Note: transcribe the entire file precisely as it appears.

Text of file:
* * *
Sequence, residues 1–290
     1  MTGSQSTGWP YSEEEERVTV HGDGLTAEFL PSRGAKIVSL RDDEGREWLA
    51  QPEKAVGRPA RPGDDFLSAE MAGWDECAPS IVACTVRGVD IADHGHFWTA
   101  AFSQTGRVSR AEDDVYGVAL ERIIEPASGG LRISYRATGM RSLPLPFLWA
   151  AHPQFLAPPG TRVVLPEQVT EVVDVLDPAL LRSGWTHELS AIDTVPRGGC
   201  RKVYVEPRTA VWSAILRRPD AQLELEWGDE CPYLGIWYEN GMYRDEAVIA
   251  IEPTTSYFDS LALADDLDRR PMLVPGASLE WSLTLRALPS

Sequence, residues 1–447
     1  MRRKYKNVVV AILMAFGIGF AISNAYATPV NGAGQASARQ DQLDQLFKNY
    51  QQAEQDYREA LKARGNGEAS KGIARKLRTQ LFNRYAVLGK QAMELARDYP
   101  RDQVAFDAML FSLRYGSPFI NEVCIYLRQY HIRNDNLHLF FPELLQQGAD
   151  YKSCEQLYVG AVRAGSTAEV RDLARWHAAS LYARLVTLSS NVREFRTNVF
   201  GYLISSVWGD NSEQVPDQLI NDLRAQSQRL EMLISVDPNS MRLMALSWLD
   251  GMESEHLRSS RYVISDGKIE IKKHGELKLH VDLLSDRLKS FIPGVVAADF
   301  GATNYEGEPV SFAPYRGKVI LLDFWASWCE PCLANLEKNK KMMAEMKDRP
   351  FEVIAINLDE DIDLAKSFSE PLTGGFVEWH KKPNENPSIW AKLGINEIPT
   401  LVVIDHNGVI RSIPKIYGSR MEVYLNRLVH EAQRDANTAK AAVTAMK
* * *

Sequence, residues 1–290
     1  MTGSQSTGWP YSEEEERVTV HGDGLTAEFL PSRGAKIVSL RDDEGREWLA
    51  QPEKAVGRPA RPGDDFLSAE MAGWDECAPS IVACTVRGVD IADHGHFWTA
   101  AFSQTGRVSR AEDDVYGVAL ERIIEPASGG LRISYRATGM RSLPLPFLWA
   151  AHPQFLAPPG TRVVLPEQVT EVVDVLDPAL LRSGWTHELS AIDTVPRGGC
   201  RKVYVEPRTA VWSAILRRPD AQLELEWGDE CPYLGIWYEN GMYRDEAVIA
   251  IEPTTSYFDS LALADDLDRR PMLVPGASLE WSLTLRALPS

Sequence, residues 1–447
     1  MRRKYKNVVV AILMAFGIGF AISNAYATPV NGAGQASARQ DQLDQLFKNY
    51  QQAEQDYREA LKARGNGEAS KGIARKLRTQ LFNRYAVLGK QAMELARDYP
   101  RDQVAFDAML FSLRYGSPFI NEVCIYLRQY HIRNDNLHLF FPELLQQGAD
   151  YKSCEQLYVG AVRAGSTAEV RDLARWHAAS LYARLVTLSS NVREFRTNVF
   201  GYLISSVWGD NSEQVPDQLI NDLRAQSQRL EMLISVDPNS MRLMALSWLD
   251  GMESEHLRSS RYVISDGKIE IKKHGELKLH VDLLSDRLKS FIPGVVAADF
   301  GATNYEGEPV SFAPYRGKVI LLDFWASWCE PCLANLEKNK KMMAEMKDRP
   351  FEVIAINLDE DIDLAKSFSE PLTGGFVEWH KKPNENPSIW AKLGINEIPT
   401  LVVIDHNGVI RSIPKIYGSR MEVYLNRLVH EAQRDANTAK AAVTAMK